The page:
While the vast majority of residents at Hale Nani signed arbitration agreements, he’s said he respects their right to decline.
Hawaii Attorney General Doug Chin joined attorneys general from 14 other states and the District of Columbia in opposition to pre-dispute binding arbitration agreements.
Their joint letter last October explained how the Federal Arbitration Act of 1925 has moved beyond its premise, which was to facilitate arbitration of disputes between commercial entities who were on the same level.
Companies now routinely impose mandatory arbitration in a wide range of consumer contracts where the consumer has little bargaining power, they told officials at the Health and Human Services Department.
“Increasingly, consumers are presented with ‘take it or leave it’ fine print contracts containing pre-dispute arbitration clauses in which consumers are required to waive their right to seek judicial resolution of future disputes (and appeal thereof) in federal or state court,” the attorneys said.
The courts have found such language binding on the consumer even if he or she is unaware of the clause, never saw the provision, and had no opportunity to negotiate or reject it, the attorneys said.
“These concerns are especially acute at the time a particularly vulnerable individual is entering a long-term care facility, an emotional time for both the individual and the family, who typically are faced with a large number of documents that need to be completed to enroll in the facility,” Chin and the other attorneys general said.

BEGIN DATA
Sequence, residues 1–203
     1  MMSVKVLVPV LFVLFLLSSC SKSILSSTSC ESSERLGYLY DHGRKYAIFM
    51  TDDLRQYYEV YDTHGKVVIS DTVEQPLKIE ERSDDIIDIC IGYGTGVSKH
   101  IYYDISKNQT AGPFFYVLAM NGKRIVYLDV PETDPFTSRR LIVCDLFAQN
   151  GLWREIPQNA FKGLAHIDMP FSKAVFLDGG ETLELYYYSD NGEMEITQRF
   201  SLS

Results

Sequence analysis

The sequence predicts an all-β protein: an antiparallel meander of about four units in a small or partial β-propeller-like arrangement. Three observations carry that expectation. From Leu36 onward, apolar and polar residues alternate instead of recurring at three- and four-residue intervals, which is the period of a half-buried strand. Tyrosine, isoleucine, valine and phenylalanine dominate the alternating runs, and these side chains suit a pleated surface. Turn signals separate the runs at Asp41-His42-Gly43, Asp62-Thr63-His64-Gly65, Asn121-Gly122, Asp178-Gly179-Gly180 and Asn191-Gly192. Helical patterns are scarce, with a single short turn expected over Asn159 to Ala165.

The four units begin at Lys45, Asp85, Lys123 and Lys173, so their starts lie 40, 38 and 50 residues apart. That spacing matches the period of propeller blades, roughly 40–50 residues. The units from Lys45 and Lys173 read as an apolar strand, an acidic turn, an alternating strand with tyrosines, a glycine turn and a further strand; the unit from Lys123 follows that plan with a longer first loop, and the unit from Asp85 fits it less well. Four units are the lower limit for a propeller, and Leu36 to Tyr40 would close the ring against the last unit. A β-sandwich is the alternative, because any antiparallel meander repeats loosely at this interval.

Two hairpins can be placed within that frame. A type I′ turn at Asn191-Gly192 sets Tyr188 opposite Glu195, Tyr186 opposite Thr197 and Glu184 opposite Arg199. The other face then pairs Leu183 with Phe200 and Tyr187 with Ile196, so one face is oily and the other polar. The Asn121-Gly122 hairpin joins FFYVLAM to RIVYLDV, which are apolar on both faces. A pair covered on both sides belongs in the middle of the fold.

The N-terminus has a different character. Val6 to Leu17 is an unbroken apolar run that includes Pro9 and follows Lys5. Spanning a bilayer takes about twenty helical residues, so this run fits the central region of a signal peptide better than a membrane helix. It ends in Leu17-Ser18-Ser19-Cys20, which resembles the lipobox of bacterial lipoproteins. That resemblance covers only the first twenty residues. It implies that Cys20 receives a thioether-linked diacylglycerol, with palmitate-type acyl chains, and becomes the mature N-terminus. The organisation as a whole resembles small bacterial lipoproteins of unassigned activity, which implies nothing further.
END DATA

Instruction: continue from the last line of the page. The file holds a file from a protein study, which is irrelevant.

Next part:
The Centers for Medicare and Medicaid Services recognized the comments from the attorneys general and others in their final rule.
“Based on the comments received in response to this rulemaking, we are convinced that requiring residents to sign pre-dispute arbitration agreements is fundamentally unfair because, among other things, it is almost impossible for residents or their decision-makers to give fully informed and voluntary consent to arbitration before a dispute has arisen,” said Andrew Slavitt, the agency’s acting administrator, and Slyvia Burwell, secretary of the department, in the final rule.
Larry Geller, who serves on the Kokua Council’s board of directors, said the ban on forced arbitration — a practice he described as “predatory” — is welcome.
“Families are not equipped to go to arbitration,” he said, adding that it is inappropriate to handle claims of neglect in this manner.
The new arbitration rule does not affect existing arbitration agreements or prohibit all arbitration agreements between residents and the facilities. If the home does not participate in Medicare or Medicaid programs, arbitration is allowed.
And if, after a dispute comes up, the resident and the care facility want to go through binding arbitration, the rule allows for that.
Read the attorneys general letter to the Centers for Medicare and Medicaid Services below. All 9,814 comments on the rule can be found here.